In Germany, wind and sun do not supply enough energy to cover the demand for green hydrogen in the future. Within the framework of the National Hydrogen Strategy, the German government is therefore focusing on cooperation with Africa: An atlas of potential analyses possibilities for producing and exporting green hydrogen in South Africa.

It is still unclear exactly how high Germany’s demand for green hydrogen will be in 2050. One thing is certain, however: Germany will be dependent on exports from abroad. After all, Germany’s energy requirements are higher than the amount of energy that it can produce itself. The Max Planck Institute for Chemical Energy Conversion currently assumes that Germany will have to import around 45 million tonnes of hydrogen by 2050.

The world needs green energy. Africa can provide it. With an atlas of green hydrogen potential, we are working with African partners to analyze the opportunities of green hydrogen for sustainable development on the African continent (H2.AFRICA). This will consider both local demand and opportunities for exporting green hydrogen to Germany. It is a core component of the German Federal Government’s National Hydrogen Strategy, which is to be adopted by the German Cabinet in 2019.

Green hydrogen, i.e. hydrogen produced by the sun and wind, is the energy carrier of the future. It is the key building block for a global energy turnaround. As a transmission belt, it brings renewable energies into all areas of life. It gives the steel and chemical industries, shipping and aviation, and the heating sector a new opportunity to achieve climate neutrality.

Europe needs African H2.AFRICA

Industry’s demand for hydrogen in Europe alone is expected to double to 665 terawatt hours (TWh) per year by 2030. Germany will account for about 78 TWh. In the transport sector, hydrogen could become the number one fuel by 2050, and up to 70 percent of cars and light commercial vehicles could run on it.

It is undisputed that Germany must import green energy in large quantities. This is the only way to achieve the climate targets by 2030 and beyond. Green hydrogen is a central option for this. Wind and sun in this country are not enough to supply green energy for the industrial location, but also for our highly mobile society. Elsewhere, however, wind, sun and water are available in abundance. Countries such as Australia, Chile, Argentina and Saudi Arabia see the market. They are already working on concrete business models. Green H2 hydrogen plays a key role here. It has a unique significance in terms of climate, energy, innovation and industrial policy.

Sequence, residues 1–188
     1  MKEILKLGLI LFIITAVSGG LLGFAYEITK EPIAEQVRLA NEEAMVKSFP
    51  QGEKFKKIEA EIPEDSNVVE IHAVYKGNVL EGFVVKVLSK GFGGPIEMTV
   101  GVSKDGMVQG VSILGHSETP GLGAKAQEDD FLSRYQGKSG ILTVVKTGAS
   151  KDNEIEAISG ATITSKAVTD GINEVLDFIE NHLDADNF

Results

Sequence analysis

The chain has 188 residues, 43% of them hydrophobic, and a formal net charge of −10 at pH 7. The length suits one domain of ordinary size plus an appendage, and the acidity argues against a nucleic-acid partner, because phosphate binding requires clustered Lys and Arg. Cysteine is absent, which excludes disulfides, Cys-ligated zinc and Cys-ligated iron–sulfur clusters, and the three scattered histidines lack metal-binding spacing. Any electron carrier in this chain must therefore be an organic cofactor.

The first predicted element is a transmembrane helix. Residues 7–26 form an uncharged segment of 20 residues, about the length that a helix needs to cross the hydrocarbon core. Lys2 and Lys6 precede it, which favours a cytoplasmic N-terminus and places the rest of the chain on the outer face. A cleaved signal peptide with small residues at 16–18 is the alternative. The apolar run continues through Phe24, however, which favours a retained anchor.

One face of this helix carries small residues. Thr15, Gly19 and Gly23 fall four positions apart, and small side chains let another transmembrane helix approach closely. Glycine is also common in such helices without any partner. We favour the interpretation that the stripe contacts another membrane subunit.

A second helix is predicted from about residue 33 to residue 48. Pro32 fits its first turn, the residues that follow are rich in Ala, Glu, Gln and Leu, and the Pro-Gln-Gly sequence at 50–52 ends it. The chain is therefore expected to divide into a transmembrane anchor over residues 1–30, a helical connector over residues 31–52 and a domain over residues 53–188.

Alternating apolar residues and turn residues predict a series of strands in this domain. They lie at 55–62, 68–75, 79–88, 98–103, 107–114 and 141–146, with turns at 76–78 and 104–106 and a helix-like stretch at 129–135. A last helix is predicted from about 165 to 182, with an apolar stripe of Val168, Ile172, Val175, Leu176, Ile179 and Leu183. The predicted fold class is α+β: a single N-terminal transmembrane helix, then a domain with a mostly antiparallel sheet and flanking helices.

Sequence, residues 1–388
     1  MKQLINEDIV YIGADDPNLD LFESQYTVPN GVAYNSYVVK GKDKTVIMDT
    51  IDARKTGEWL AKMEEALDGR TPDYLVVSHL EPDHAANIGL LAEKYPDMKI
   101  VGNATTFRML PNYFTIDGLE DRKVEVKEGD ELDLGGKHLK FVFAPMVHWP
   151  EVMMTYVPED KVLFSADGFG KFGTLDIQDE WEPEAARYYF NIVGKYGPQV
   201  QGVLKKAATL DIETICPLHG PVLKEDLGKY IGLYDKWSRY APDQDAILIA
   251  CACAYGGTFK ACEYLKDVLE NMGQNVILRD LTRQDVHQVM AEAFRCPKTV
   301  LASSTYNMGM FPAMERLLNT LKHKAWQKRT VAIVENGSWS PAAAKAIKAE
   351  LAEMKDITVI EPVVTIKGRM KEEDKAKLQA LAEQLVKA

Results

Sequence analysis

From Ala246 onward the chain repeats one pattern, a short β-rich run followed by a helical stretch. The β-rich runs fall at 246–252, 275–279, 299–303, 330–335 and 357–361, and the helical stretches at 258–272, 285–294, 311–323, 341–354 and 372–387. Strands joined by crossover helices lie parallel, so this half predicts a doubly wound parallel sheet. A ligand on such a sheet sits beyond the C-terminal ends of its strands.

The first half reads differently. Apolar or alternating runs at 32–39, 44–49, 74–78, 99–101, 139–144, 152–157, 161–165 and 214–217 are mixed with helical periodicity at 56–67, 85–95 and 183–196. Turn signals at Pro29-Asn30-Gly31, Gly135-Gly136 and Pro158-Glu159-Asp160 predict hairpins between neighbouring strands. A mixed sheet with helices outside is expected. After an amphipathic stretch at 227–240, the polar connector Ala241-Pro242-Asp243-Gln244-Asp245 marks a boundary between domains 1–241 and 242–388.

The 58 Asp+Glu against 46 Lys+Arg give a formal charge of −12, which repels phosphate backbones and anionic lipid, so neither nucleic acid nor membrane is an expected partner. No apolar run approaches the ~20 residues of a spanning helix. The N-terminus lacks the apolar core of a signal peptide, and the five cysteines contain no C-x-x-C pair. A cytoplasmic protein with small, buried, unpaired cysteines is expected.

Africa is Hydrogen Future

H2.Africa is predestined to take the first step into the hydrogen future. With green hydrogen, the geographical advantages of renewable energies could become a development driver for the societies there. By replacing fossil fuels, a major contribution can be made to climate protection.

With hydrogen partnerships for production and transport, we are opening the way to global energy markets and greater prosperity for the countries of Africa. In this way, we not only create the basis for German technology exports, but also guarantee a climate-friendly energy supply. There is still a historic opportunity to open up a completely new future market for the domestic plant and mechanical engineering industry and for technology developers. But time is pressing. The race for such new geostrategic partnerships is already in full swing. Countries such as China have long been taking a strategic approach to the continent – and this also applies to green hydrogen.

Germany is first Mover

German companies are also currently world market leaders thanks to our research funding. We must now do everything we can to ensure that they use this advantage in hydrogen technologies and act as “first movers” in Africa. With an atlas of potential for green hydrogen in Africa, we will therefore quickly clarify where green hydrogen – especially from politically stable countries such as the members of the G20 Compact with H2.Africa – can play a key role. Based on this, we will launch demonstration projects in Africa and elsewhere together with industry and science.

With technological showcases, we will make climate protection technologies “made in Germany” the new trademark of Germany. In December the Federal Government will present its National Hydrogen Strategy. With concrete measures on production, supply structures, use and research and development, it is broadly based. Tomorrow, together with the Minister of Economics, Transport and Development Aid, I will hold a large-scale conference with stakeholders from science, industry, civil society and specialist policy-makers.

Green African Hydrogen is King

For green hydrogen to succeed, we need a show of strength. That is why the perspectives, ideas and contributions of all partners are so important to us. Only together will we succeed in ensuring that Germany takes a global leadership position in green hydrogen. It’s all about climate protection, competitiveness and new market opportunities.

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